3-Speed Supercharged 1957 Studebaker Golden Hawk

Falling right in the middle of the three-year production for the Golden Hawk, this 1957 Studebaker Golden Hawk is a very desirable car. Given the condition of the body on this one, I think that I can safely say that it’s very restorable. It can be found here on Hemmings in Vancouver, Washington and the seller is asking $7,500 or best offer.

The Golden Hawk was made for 1956, 1957, and 1958 model years and it can be identified by the upright egg-crate grille and squared-off rear deck. It was also a hardtop as opposed to a pillared design. It also had a taller hood which could house a Packard V8 which didn’t fit under the standard hood. This one is equipped with a supercharged Studebaker 289 V8 (hence the raised fiberglass panel on top of the hood for the required clearance) rather than the Packard engine.

The seller says that this was an all-black Golden Hawk, so no side spear contrasting color. I would have to believe that an all-black car would be popular today given what we see on the road today. This one has a very solid frame and body with a little body rust here and there but nothing too scary, hopefully. The re-chroming bill will be big enough without having a lot of rust repair to deal with.

The interior is pretty far gone, at least as far as the upholstery and other soft components go, but parts of it look like they can be saved. The floors will need some serious attention, it’ll test your fabrication and welding skills but it’s doable for a person restoring this car in their garage. One of the big deals with this car is that it comes with a manual transmission. Unfortunately, it isn’t a 4-speed on the floor but rather an overdrive column-shifted manual. Hagerty is at $45,100 for a #2 excellent condition car so this isn’t one that a flipper would drop off at a shop, but someone working in their garage could restore it and keep it well under that value if they do most of the work on it.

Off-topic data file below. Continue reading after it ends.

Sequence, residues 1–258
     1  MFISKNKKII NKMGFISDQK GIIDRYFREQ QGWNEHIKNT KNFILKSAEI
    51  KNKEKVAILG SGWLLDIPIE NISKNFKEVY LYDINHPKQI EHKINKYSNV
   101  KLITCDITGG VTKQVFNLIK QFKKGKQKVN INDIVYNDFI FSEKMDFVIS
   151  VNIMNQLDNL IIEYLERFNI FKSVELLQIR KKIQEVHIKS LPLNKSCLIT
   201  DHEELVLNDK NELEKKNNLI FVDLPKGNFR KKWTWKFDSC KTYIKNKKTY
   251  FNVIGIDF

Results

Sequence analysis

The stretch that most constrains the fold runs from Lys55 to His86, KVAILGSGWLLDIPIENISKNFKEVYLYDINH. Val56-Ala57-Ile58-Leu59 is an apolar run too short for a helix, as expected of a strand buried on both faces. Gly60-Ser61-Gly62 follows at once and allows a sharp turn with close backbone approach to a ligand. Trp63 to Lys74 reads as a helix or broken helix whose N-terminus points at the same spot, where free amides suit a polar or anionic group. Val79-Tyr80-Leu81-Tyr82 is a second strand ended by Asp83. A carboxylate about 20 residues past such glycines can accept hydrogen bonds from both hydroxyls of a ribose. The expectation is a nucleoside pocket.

The other big deal here would be the McColloch supercharger. Beginning in 1957, the Packard V8 was no longer an option so this is Studebaker’s 289 cubic-inch V8 which with the supercharger would have had 275 hp. There is no word on if this one runs or even turns over but I’d guess that it’ll need some work as some parts and pieces aren’t currently installed as you can see in the photos. Have any of you owned a Golden Hawk or a supercharged Studebaker of any kind?


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  1. 86_Vette_Convertible

    Prefer the older body style but this one is still desirable IMO.

    Like 3
  2. Rex Kahrs Member

    Man, as I was scrolling through the listings, the lead photo made me think this was a Volvo 1800, fins and all. Hmmmm……
    Did Brooks Stevens design this car?

  3. Jack Hammer

    I’ve never owned one, but my Dad had a ’56 President. I had a friend in high school with one similar to this, however it had the floor shift, as well as machined aluminum coves in the fins. Perfect condition in 1965. I have always drooled after that car. Raymond Lowey was king!.

  4. TinCanSailor

    The AACA Museum in Hershey PA is featuring Stude’s at the moment. My wife and I spent an enjoyable 2 hours walking around looking at a collection of an amazing car company that, in many ways, was ahead of its time. It runs through October, so if you have a chance, go see it.

    They also have the largest collection of Tuckers and related material in the world.

    Like 3
  5. Del

    Price too high for a non runner

    Like 2
    • WayneC Member

      I have owned several Hawks and a supercharged Lark and Avanti, but not a supercharged Hawk. I have owned a 56 Golden Hawk with the 352 cid Packard V-8. The 56 does not have the extra addition on the hood as the Packard fit. The supercharger stood up too high so only the 57′ s and 58′ s had them. One thing to look for is the hinge corners of the hood, if they are bent are very difficult to straighten out. The later Paxton supercharger seem to be a little more reliable than the McCullough. This car doesn’t have the supercharger mounted on the engine.I hope that it is at least there as finding one then having to rebuild it could get expensive. The Hawks are very nice road cars and are very comfortable.

      Like 1
  6. Vincent H

    I had owned a 57 Golden Hawk and a 63 Avanti R2. The supercharger makes a big difference. The cost to replace the supercharger is high as is the rebuild cost. The transmission in these is bigger than the standard 3 speed/od.

  7. David Long

    You will want to read this: I found a 57 in a barn and it was very similar. Paid one mechanic to restore it ONLY mechanically…got it home a year later and it wasn’t quite right…waited another 10 months while in the hands of another mechanic…now it runs nice.
    I get A LOT of thumbs up when mine goes down the road…happy to send photos to anyone. First owner took out bench seat and replaced it with buckets…also the column shift auto is gone and in it is a 4 speed on the floor from a 64 Hawk GT…this car is super cool!

    Like 1

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